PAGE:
• Section 965 requires United States shareholders (as defined under section 951(b)) to pay a transition tax on the untaxed foreign earnings of certain specified foreign corporations as if those earnings had been repatriated to the United States. Very generally, a specified foreign corporation means either a controlled foreign corporation, as defined under section 957 (“CFC”), or a foreign corporation (other than a passive foreign investment company, as defined under section 1297, that is not also a CFC) that has a United States shareholder that is a domestic corporation. Section 965 allows U.S. shareholders to reduce the amount of the income inclusion based on deficits in earnings and profits with respect to other specified foreign corporations. The effective tax rates applicable to income inclusions are adjusted by way of a participation deduction set out in section 965(c). A reduced foreign tax credit applies to the inclusion under section 965(g). Taxpayers may elect to pay the transition tax in installments over an eight-year period.

      • Taxpayers may have to pay a section 965 transition tax when filing their 2017 tax returns. The tax is payable as of the due date of the return (without extensions). The IRS recently issued guidance on the calculation of the tax and filing for 2017 in the form of answers to frequently asked questions (FAQs) which can be found, along with additional IRS news releases on section 965, and other topics relating to tax reform and the Tax Cuts and Jobs Act.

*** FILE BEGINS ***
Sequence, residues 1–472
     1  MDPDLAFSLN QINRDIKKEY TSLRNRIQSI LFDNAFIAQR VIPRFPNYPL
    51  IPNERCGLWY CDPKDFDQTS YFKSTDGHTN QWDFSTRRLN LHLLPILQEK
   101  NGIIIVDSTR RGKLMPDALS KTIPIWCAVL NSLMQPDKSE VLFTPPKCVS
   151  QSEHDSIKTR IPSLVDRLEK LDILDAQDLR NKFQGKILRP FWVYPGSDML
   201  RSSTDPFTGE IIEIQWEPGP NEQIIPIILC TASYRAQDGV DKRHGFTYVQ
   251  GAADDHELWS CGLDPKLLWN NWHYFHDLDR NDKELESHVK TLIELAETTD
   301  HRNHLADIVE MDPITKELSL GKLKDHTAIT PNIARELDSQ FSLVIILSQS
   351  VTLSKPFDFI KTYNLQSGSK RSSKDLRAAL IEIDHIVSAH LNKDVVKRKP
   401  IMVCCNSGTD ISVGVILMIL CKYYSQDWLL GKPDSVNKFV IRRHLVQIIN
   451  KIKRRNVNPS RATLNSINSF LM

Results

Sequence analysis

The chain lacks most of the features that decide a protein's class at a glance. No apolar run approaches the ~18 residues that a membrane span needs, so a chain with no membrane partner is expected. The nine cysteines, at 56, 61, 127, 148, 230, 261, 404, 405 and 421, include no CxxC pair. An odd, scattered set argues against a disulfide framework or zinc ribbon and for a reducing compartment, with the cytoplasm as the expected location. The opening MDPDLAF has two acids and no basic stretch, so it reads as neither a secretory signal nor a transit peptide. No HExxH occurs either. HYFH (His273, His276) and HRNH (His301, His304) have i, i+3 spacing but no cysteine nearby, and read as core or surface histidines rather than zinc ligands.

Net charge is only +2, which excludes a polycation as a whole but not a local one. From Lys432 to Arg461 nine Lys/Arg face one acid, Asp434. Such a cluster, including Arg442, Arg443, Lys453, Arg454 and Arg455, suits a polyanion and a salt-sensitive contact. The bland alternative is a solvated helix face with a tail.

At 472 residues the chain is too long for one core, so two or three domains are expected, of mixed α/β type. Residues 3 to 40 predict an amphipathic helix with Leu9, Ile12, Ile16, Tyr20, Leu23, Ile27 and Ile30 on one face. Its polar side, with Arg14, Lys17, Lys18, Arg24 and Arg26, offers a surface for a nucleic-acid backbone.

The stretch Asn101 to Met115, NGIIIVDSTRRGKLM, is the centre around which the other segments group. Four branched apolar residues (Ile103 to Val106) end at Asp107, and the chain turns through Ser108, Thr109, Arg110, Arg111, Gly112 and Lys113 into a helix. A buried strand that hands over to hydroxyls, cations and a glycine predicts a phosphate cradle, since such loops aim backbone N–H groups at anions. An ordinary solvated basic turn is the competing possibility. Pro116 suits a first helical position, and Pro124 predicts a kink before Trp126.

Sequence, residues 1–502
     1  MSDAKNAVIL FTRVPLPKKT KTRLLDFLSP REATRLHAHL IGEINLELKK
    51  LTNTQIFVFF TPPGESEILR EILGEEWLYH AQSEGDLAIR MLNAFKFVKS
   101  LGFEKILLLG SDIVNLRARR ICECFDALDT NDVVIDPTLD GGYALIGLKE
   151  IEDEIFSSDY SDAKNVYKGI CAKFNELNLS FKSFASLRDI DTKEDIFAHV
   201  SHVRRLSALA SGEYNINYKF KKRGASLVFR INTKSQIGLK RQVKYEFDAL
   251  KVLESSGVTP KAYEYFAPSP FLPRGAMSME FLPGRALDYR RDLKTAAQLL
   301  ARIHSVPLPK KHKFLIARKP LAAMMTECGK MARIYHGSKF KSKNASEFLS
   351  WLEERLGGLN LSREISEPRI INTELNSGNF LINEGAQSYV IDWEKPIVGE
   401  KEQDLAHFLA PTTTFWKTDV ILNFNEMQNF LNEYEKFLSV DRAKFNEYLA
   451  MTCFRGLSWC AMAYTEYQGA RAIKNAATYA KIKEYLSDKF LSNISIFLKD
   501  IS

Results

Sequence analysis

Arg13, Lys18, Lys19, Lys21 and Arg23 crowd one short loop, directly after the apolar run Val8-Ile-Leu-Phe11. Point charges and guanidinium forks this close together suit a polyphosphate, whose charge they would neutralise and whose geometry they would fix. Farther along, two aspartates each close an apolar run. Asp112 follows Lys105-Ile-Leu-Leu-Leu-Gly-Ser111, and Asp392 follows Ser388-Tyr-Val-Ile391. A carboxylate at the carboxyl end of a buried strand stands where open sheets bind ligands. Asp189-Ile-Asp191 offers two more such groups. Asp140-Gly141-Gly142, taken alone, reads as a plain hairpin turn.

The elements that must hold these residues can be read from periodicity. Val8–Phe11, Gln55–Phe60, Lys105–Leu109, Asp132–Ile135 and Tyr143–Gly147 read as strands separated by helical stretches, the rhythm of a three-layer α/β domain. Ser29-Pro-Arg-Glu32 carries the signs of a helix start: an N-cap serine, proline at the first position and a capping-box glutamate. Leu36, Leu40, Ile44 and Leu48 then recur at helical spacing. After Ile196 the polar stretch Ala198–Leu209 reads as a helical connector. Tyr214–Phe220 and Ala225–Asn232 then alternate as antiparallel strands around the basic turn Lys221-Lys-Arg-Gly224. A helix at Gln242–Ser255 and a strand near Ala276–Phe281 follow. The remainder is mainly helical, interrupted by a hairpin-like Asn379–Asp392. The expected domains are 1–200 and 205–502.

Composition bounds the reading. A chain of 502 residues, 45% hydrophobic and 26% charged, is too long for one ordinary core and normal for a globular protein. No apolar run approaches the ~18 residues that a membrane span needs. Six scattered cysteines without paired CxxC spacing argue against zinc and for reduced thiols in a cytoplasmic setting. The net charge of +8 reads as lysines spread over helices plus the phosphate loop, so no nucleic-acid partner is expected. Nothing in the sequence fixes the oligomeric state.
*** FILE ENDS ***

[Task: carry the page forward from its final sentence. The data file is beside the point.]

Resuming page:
What taxpayers are impacted?

      • It is important that all potentially impacted taxpayers are aware of the requirements under section 965. U.S. shareholders of specified foreign corporations need to be aware that an income inclusion may be required for 2017 and certain elections, which may have a significant impact on a taxpayer’s 2017 payment and filing obligations, must be made no later than the due date for a taxpayer’s 2017 tax return. U.S. shareholders include domestic corporations, but could also include other U.S. persons, such as individuals, S corporations, partnerships, estate, trusts, cooperatives, REITS, RICs and tax-exempt organizations.